Item description for Apocalyptic Literature: A Reader by Mitchell G. Reddish...
Overview The world of apocalyptic literature can be both vast and confusing. To journey successfully through its complexities, it is best to have an experienced tour guide to direct you to the sites most representative of that world. In this way the new traveler can avoid dead ends, skip the fruitless excursions, and instead enjoy the ride. Reddish's introductions to the otherworldly writings of Judaism including the War Scroll from Qumran and books such as 1 Enoch from the so-called Old Testament Pseudepigrapha as well as to the apocalyptic documents of Christianity, including the noncanonical apocalypses of Peter, Paul, and James, and related works such as the Sibylline Oracles, are simply superb. Those wanting a more informed understanding of these centuries-old writings of hope and despair will not be disappointed.
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Reviews - What do customers think about Apocalyptic Literature: A Reader?
An indispensable collection for beginning students Jan 4, 2009
James Charlesworth's Old Testament Pseudepigrapha (volume 1) is still the go-to general collection for Jewish apocalyptic literature, but it is too expensive and overwhelming, both in terms of its bulk and the academic style of its commentary, for the typical undergraduate student/beginner . Reddish's slim paperback really gets the job done for that student. It includes at least portions of every important apocalypse outside the Bible, both Jewish and Christian, in an accessible translation with a pertinent introduction for each book. Its scholarship is solid, but at the same time it doesn't confuse the introductory student with debates over points he/she is not yet ready to address. I've used this text in university classes with great success and recommend it highly.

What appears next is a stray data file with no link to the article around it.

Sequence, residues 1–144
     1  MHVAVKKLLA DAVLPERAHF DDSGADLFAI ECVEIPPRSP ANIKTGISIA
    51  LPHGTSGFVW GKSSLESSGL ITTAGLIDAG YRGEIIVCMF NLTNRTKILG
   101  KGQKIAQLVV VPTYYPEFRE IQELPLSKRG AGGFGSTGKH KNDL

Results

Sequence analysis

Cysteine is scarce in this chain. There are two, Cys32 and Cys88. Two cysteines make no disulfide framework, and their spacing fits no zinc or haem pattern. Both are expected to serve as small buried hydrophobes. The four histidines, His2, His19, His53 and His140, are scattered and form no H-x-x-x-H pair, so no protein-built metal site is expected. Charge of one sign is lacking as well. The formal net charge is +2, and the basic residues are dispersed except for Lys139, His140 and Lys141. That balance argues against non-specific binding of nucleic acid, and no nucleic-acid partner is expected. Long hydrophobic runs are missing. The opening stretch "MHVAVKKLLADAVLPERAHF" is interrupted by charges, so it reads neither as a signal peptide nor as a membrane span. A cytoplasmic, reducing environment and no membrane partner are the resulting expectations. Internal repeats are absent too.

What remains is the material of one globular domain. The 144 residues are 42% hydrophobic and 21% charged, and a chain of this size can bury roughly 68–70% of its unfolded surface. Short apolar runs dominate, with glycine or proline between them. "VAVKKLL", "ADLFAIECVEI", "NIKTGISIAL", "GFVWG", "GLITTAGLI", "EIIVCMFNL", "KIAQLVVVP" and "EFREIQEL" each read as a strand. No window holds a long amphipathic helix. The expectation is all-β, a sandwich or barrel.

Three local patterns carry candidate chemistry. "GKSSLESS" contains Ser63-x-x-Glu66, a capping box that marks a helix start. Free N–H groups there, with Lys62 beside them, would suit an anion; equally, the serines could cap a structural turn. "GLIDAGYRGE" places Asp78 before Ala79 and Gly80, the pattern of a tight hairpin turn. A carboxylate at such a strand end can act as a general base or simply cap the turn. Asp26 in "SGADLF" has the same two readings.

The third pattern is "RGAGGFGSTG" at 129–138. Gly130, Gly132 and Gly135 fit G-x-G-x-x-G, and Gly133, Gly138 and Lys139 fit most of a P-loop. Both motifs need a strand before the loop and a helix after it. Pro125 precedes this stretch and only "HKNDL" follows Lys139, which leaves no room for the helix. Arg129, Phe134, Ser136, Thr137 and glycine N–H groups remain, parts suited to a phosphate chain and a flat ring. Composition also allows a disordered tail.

Great Content - Suspect Introduction Oct 15, 2005
One of the challenges in biblical prophecy is separating style from substance. For example, in the Bible, when we read of the sun turning dark, the moon into blood, and the stars falling from the sky in Matt. 24:29, is this to be taken literally? Many Christian interpreters say yes. Others say no, it is simply apocalyptic language and cannot be used as a determiner in the sequence and timing of end-times events.